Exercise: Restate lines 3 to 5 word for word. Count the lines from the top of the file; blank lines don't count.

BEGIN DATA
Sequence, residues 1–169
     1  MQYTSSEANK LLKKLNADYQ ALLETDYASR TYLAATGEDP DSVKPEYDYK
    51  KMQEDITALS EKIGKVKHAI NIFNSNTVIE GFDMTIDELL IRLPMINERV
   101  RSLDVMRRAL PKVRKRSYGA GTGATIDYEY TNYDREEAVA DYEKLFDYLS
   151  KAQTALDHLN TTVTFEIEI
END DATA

    51  KMQEDITALS EKIGKVKHAI NIFNSNTVIE GFDMTIDELL IRLPMINERV
   101  RSLDVMRRAL PKVRKRSYGA GTGATIDYEY TNYDREEAVA DYEKLFDYLS
   151  KAQTALDHLN TTVTFEIEI